Unfortunately, many people lie to the court during legal decision making (custody) and parenting time cases. Often, the person who is acting badly is the person lying to the court about the other parent. Too often, these people get away with it because the judge does not know who to believe.
One American soldier just solved this problem with his GoPro camera. His wife is accusing him of domestic violence while she is committing domestic violence against him. He hid his camera on his body and captured her not only committing domestic violence against him, but threatening to falsely accuse him of committing domestic violence against her. The story is here: http://www.wtsp.com/story/news/2015/09/20/soldier-uses-gopro-to-prove-wifes-domestic-abuse/72545676/
People often ask if it is legal to record telephone conversations and face-to-face meetings. People often tell me that they want to record the other party because the other party lies about what happens or what people say. In Arizona, it is legal to record a conversation of which you are a part. Therefore, you can legally record your phone conversations and encounters that you have with other people. You may not legally record the conversations of other people without their permission.
The story about the soldier who solved the he-said-she-said problem shows how to effectively use recording devices when the other parent lies to the court.
The Superior Court's website in Maricopa County has many useful forms for people representing themselves in court. The family law category of forms is the most impressive, with forms for divorce, annulment, legal separation, child support, spousal maintenance, alimony, temporary orders, custody/legal decision making, parenting time, and many other topics. I do not particularly like the forms because they are too long, sometimes don't make much sense, and lack flexibility, but they are far better than the alternative of not submitting anything at all, or someone with no legal background or training attempting to write court filings. If you decide to use the court's forms, my advice is to do so with the advice of an experienced lawyer. However, if you are using the forms, it is probably because you cannot afford a lawyer. In that case, be very careful about what you sign and submit to the court. Do not be afraid to cross out requests in the form that you do not want to make.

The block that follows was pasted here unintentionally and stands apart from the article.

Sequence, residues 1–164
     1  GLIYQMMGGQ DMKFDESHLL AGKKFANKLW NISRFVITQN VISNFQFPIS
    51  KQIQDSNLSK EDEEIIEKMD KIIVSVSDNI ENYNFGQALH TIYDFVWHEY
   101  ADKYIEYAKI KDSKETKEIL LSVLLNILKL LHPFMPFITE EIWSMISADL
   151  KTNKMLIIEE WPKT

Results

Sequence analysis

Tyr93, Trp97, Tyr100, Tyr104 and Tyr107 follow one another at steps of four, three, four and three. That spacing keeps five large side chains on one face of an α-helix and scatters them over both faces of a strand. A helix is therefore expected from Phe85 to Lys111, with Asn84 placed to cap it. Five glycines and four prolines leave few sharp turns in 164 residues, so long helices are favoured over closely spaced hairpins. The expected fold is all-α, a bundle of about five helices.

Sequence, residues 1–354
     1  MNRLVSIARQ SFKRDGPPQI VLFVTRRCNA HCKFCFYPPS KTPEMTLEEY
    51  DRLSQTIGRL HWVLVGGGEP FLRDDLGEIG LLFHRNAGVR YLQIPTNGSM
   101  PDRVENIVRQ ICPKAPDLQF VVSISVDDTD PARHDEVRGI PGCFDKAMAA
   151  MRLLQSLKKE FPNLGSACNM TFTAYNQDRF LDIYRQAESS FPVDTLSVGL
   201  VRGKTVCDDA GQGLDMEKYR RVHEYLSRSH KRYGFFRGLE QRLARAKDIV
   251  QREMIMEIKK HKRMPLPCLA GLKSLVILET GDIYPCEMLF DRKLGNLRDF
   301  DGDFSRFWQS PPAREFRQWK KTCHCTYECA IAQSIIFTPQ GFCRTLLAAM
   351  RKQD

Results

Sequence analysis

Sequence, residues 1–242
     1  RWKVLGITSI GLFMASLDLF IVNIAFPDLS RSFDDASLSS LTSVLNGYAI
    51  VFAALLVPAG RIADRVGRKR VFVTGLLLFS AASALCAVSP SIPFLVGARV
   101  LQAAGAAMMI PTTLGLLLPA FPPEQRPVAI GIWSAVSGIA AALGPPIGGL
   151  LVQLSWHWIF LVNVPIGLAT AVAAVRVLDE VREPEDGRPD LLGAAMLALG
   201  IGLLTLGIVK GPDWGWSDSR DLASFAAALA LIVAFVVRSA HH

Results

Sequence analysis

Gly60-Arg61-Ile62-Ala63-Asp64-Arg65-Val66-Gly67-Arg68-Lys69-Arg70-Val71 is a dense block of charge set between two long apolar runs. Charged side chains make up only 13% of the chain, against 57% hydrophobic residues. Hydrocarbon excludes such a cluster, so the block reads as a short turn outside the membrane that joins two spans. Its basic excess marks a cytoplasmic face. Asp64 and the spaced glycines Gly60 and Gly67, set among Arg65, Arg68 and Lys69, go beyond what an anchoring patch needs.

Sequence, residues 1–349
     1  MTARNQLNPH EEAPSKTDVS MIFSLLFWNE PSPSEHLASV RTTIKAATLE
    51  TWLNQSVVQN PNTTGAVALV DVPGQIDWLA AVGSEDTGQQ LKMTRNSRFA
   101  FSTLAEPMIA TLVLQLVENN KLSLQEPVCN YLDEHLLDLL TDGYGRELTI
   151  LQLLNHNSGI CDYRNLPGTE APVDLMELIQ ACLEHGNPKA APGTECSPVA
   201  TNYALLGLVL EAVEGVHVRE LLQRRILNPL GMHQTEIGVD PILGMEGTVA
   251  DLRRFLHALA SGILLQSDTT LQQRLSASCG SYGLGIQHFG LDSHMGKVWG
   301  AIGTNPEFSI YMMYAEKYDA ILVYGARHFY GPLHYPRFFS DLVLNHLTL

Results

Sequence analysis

Aside from forms for family law, the court's website has many useful forms for probate, juvenile law, civl law, and powers of attorney. The court has sufficient probate forms to complete an entire informal probate from beginning to end, juvenile court forms sufficient to complete a voluntary guardianship, and four powers of attorney sets of forms (general power of attorney, special power of attorney, parental power of attorney, and revocation of power of attorney). The court also provides detailed instructions for its forms.
Again, my usual advice is to hire an attorney because attorneys have experience, are familiar with the judges, have an emotional detachment to your case, and know the potential pitfalls. However, sometimes doing something on your own is better than doing nothing and the reality is that not everyone can hire an attorney.
This is the link to the Maricopa County Superioe Court's forms (Self Service Center): http://www.superiorcourt.maricopa.gov/SuperiorCourt/Self-ServiceCenter/
Families face many changes during a divorce and one of the biggest changes is the time they spend during the holidays. They will most likely no longer spend time together with the entire family (i.e., with both parents) and many of their holiday traditions will never be the same. Common problems include parents who are unable or unwilling to make an agreement as to how the children will spend their time during the holidays, poor behavior by one or both parents, travel plans, lack of communication between the parents, and the court’s availability (or lack thereof) to solve these problems in time for a particular holiday.
Often, parents cannot agree on how the children will spend their holiday time, so Arizona courts try to enter orders for holiday parenting time that are fair and in the children’s best interests. Courts will typically evenly divide the holidays between the parents. The holiday schedule always supercedes the regular parenting plan. For example, if Christmas Day falls on a day that would typically be the mother’s day with the children, but the father gets the children for Christmas this year, the court’s order is that the children will be with their father on Christmas.
A typical holiday schedule will usually say something like the children will be with the mother on Christmas Eve and with the father on Christmas Day in odd-numbered years and will be with the father on Christmas Eve and the mother on Christmas Day in even-numbered years. They will be with the mother on Thanksgiving in odd-numbered years and with the father in even-numbered years. They will be with the mother on Easter in odd-numbered years and with the father in even-numbered years. They will spend every Mother’s Day with the mother and every Father’s Day with the father. They courts will also define each holiday, such as setting forth a time that the holiday parenting time begins and ends, in order to avoid future disputes as to when a parent gets to pick up the children to begin a holiday. Ideally, the parents will discuss the holiday schedule and will be willing to compromise and work together in order to agree on their own holiday schedule without having to ask the court to impose a holiday schedule on them and their children.